Born in the United States and raised in Paris by a French father and Chinese mother, Jessica Fichot is a multicultural chanteuse, singing in several languages and playing a worldly blend of pop, jazz and folk. Her latest album, “Dear Shanghai,” is a collection of 1940s Chinese jazz. Fichot and her band perform at the Cotati Accordion Festival, this Saturday, Aug 22 at 11:30am.
Now based in Los Angeles, Fichot spoke with City Sound Inertia about how she tunes into her musical heritage for an authentic, yet accessible, chanson sound.
City Sound Inertia: So Jessica, you grew up in Paris?
Jessica Fichot: “I was born in upstate New York, but I moved to France when I was two years old, all my memories of childhood are from France.”
CSI: What was your relationship to music like as a kid?
JF: “I played piano, but growing up, I didn’t really listen to music in French, it was considered lame to be listening to French music when I was a kid, so I listened to a lot of music from the United States; Tori Amos, Madonna.
It was only after I moved back to the United States and went to Berklee College of Music in Boston, that I re-discovered French music, because I wanted to so something different, try to find my identity. And of course France is very much a part of my identity.”
CSI: And how did you start playing the accordion?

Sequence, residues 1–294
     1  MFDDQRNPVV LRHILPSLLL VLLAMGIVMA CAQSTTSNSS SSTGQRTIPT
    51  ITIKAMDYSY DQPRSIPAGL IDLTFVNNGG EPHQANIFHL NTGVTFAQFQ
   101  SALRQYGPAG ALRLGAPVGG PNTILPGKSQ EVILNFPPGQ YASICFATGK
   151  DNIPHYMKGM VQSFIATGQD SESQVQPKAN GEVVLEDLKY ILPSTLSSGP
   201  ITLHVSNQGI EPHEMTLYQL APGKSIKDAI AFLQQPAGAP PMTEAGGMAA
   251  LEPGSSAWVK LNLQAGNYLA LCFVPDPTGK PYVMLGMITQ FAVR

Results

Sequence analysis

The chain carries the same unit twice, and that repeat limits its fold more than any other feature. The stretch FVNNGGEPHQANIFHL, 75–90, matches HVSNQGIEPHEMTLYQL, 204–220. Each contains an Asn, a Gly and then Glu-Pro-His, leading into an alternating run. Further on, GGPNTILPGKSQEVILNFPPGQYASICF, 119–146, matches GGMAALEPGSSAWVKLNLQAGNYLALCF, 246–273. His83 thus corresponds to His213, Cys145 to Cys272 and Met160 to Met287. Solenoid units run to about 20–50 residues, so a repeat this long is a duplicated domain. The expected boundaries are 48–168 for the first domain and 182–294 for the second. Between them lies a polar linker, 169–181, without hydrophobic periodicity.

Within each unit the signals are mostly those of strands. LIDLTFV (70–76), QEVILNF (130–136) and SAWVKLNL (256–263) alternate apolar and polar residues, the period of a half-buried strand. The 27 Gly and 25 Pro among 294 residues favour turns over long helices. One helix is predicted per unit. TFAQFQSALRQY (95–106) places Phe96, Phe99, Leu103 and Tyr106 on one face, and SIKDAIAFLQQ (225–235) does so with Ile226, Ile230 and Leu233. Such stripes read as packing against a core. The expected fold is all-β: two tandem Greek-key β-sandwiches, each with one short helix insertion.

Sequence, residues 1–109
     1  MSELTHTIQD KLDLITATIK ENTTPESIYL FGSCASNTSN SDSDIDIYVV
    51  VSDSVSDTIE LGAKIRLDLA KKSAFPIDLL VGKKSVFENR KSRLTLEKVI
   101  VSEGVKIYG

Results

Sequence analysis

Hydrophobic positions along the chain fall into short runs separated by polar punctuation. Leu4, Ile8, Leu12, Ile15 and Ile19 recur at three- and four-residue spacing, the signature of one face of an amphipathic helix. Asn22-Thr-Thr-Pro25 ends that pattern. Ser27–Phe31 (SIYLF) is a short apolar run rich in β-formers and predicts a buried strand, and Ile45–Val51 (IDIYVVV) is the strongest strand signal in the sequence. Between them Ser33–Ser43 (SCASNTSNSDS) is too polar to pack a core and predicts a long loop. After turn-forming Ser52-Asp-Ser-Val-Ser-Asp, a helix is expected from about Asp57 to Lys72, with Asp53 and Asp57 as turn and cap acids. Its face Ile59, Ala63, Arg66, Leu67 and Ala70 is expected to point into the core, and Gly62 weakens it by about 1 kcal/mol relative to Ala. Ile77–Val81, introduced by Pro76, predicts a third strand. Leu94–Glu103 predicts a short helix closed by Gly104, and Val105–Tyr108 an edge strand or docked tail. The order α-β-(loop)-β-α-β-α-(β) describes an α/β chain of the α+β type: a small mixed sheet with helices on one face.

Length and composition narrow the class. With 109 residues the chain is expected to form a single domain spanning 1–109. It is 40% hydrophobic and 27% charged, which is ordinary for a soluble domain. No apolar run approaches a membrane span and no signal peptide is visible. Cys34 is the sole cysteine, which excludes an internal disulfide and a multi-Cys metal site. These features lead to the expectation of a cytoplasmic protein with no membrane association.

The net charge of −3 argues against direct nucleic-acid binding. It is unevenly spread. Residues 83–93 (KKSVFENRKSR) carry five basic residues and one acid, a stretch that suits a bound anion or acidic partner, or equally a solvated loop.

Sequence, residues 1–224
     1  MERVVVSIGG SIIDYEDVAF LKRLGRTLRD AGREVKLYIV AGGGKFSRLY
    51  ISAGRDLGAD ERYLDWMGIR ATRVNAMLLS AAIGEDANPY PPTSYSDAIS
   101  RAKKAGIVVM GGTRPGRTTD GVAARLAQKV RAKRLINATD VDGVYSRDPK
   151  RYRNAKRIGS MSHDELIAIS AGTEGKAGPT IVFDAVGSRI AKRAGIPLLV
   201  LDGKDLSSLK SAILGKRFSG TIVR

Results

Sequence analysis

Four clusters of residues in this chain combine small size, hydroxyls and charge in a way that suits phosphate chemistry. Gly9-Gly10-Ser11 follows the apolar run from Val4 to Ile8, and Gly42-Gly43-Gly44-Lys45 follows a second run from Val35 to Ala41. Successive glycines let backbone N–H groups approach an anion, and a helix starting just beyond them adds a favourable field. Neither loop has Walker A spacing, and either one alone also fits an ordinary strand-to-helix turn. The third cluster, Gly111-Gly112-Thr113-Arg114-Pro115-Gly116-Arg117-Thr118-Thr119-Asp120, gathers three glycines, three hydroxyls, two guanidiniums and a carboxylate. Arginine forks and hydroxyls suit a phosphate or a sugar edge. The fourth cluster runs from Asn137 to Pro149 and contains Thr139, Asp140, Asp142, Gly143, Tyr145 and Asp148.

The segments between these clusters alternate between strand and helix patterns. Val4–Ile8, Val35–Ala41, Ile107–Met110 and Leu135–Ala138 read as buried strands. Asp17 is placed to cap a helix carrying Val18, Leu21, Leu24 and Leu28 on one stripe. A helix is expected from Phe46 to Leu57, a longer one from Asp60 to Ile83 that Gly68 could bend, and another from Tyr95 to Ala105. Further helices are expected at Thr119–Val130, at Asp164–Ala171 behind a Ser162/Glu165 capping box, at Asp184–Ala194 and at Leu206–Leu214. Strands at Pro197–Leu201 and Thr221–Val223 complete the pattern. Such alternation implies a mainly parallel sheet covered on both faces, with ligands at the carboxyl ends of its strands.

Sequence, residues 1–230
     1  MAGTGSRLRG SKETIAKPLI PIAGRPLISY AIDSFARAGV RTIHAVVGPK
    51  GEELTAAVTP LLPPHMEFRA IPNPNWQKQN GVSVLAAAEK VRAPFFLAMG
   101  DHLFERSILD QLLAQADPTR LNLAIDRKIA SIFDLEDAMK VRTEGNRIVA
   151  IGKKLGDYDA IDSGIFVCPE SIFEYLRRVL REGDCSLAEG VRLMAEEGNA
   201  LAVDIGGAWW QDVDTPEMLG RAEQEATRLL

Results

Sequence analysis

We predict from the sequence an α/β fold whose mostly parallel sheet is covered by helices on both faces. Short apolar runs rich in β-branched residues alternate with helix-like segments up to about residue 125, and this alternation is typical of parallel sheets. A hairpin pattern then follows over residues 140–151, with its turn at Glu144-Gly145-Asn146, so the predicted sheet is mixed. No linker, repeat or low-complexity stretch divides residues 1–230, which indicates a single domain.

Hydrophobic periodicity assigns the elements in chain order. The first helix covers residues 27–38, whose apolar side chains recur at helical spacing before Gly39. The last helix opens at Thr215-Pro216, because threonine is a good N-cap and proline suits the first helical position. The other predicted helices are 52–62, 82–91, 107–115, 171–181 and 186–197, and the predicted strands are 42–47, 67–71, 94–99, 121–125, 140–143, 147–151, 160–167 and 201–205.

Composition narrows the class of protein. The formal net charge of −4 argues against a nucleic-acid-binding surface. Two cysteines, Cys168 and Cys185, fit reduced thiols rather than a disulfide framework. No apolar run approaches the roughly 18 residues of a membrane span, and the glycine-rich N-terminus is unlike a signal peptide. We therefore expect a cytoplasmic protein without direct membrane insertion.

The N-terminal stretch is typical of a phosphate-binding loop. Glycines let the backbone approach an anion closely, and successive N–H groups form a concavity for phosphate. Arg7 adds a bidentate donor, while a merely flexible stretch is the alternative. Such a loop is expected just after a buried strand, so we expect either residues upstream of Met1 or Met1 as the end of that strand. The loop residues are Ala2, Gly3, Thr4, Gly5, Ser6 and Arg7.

JF: “After college, I moved to Los Angeles and I put a band together performing my own French songs. I sing mostly in French, recently a lot more in Chinese, and a lot of different languages. And when I put my band together I was looking for an accordion player, but I couldn’t find one, so I bought an accordion and just played the right hand. I just got more and more into it and, to be honest, I barely play the piano now.”
I have always had a hard time accepting Rihanna’s extreme popularity. Her music, to me, is bland, and she’s not a good performer. The fact that she is a victim of extreme domestic violence who has since climbed back into the arms of her abuser, fellow pop star Chris Brown, sets a terrible example for others in her situation and actually upsets me.
I’ve never had a way to explain these confusing opinions until Sasha Frere-Jones apparently climbed into my head, organized my thoughts and wrote them for me in the New Yorker’s Dec. 24&31 issue.
He nails the social impact with this:
“With all this drama, it is difficult to think of Rihanna’s stated version of independence, of being a ‘Good Girl Gone Bad,’ as the title of her biggest-selling album would have it, is being the object of badness, being subjugated… What makes this attitude even more disturbing is that it seems to have served only to make Rihanna more popular.”
Without missing a beat, Frere-Jones flings more thought-goo from the cauldron of my stewed brain and it sticks on the wall in this elegant, concise phrasing: “She has an exceptional physical beauty married to an unexceptional, almost disengaged sense of performance–she may be the most successful amateur ever.” I’ve already applied this lightbulb concept to other pop stars that suck, like Lana Del Rey, Ke$ha and Nickelback.
And, as a good critic should do, he calls out the pop star for what should be an obvious “phone-it-in” moment, her “performance” last month on Saturday Night Live. “She moves, in Timberland boots and a fatigue jacket, as if she had perhaps beard the song a few times before. There was one bit that reminded me of dancing.”
Unfortunately the article is paywalled, only available with a subscription or by purchasing the whole issue. But it’s a luxury worth paying for, if for nothing else than Frere-Jones’ music columns.